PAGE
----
The UK's biggest power station has announced a £400,000 pilot scheme to capture the carbon dioxide produced from burning wood pellets.
Drax power station, near Selby in North Yorkshire, wants to collect biomass emissions using "new chemistry".
It is believed to be the first bioenergy carbon capture storage (Beccs) project of its type in Europe.
The power station has previously been criticised by campaigners for the levels of air pollution it produces.
Drax said that if this pilot were to lead to a full roll-out, it would achieve what it called the "holy grail" of power generation.
It plans to work with energy firm C-Capture, which is connected to the chemistry department at the University of Leeds.
Its aim is to adapt the technology used to capture emissions from coal and to do the same for wood pellets - known as biomass - which Drax has burned since 2013.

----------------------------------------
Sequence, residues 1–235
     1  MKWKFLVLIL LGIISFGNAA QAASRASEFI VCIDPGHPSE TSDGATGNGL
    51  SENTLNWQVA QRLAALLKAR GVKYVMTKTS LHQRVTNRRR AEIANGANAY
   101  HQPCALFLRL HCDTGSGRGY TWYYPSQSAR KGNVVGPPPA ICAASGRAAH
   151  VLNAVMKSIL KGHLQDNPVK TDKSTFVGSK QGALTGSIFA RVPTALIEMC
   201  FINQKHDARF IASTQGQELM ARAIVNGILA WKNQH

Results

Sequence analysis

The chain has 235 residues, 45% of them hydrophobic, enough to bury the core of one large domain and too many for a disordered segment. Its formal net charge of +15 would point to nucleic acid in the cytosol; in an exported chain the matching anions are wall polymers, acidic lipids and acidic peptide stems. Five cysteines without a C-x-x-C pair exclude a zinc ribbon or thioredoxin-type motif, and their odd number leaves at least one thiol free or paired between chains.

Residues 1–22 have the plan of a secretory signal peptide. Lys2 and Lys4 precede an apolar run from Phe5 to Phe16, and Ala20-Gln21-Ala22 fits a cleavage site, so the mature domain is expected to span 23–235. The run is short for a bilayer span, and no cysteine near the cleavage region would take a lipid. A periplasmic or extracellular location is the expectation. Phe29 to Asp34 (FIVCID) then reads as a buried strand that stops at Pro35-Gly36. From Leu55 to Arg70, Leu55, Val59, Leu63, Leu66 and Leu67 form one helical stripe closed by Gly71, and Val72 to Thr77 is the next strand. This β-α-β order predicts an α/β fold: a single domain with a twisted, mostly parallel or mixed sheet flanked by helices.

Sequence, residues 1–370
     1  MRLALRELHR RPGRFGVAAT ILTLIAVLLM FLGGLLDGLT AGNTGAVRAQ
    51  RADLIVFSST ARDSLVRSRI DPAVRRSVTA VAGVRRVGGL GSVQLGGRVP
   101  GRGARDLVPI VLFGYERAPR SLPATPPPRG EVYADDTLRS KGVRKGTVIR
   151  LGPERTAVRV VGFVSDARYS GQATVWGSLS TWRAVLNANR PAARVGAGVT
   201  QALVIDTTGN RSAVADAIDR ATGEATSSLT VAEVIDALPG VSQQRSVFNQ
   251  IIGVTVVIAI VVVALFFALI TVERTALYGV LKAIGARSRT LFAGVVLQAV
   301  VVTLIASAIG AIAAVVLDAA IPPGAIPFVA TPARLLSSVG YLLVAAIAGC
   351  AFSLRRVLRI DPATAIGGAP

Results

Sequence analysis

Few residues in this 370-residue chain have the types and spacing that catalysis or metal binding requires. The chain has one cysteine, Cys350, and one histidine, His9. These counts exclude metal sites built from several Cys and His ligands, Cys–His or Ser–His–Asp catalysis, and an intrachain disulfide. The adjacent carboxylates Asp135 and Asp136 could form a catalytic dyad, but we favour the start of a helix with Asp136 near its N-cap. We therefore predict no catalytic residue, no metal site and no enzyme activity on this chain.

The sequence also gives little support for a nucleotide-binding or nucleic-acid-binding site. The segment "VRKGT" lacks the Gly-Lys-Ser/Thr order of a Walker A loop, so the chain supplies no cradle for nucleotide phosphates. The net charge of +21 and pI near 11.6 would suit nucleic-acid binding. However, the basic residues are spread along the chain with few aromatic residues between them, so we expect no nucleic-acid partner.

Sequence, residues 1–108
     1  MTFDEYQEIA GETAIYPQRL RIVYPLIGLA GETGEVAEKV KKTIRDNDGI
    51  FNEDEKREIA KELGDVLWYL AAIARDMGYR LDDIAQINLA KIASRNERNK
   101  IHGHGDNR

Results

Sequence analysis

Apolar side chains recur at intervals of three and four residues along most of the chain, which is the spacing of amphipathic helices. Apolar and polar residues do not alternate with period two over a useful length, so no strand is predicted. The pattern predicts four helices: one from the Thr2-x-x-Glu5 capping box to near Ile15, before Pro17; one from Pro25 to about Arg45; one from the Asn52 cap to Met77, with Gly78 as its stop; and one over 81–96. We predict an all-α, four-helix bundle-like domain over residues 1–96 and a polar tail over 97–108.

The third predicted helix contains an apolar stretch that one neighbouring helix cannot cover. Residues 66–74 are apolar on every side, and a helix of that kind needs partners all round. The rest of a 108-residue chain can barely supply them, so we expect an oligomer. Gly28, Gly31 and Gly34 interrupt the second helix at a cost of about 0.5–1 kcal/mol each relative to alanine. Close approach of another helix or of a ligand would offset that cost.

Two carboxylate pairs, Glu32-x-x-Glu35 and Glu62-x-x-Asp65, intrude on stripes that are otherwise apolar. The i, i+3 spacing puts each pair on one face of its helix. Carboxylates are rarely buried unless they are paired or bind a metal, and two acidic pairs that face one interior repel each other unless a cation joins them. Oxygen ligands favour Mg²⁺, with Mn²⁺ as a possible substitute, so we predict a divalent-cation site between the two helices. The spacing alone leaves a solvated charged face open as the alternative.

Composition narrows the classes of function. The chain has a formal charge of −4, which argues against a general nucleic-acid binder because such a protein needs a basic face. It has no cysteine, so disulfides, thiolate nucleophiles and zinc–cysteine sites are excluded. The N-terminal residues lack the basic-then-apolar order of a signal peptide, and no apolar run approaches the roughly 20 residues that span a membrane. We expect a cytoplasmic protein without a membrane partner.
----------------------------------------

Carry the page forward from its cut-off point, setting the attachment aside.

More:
The pilot will see the emitted gases mixed with a solvent that "collects the CO2", which is then stored and prevented from entering the atmosphere, Drax said.
Drax chief executive Will Gardiner said if the world was to achieve "a cleaner future" making use of technology such as Beccs was essential.
Chris Rayner, founder of C-Capture and professor of organic chemistry at the University of Leeds, said it was time for the technique to enter "the real world".
He said: "We have developed fundamentally new chemistry to capture CO2 and have shown that it should be suitable for capturing the carbon produced from bio energy processes."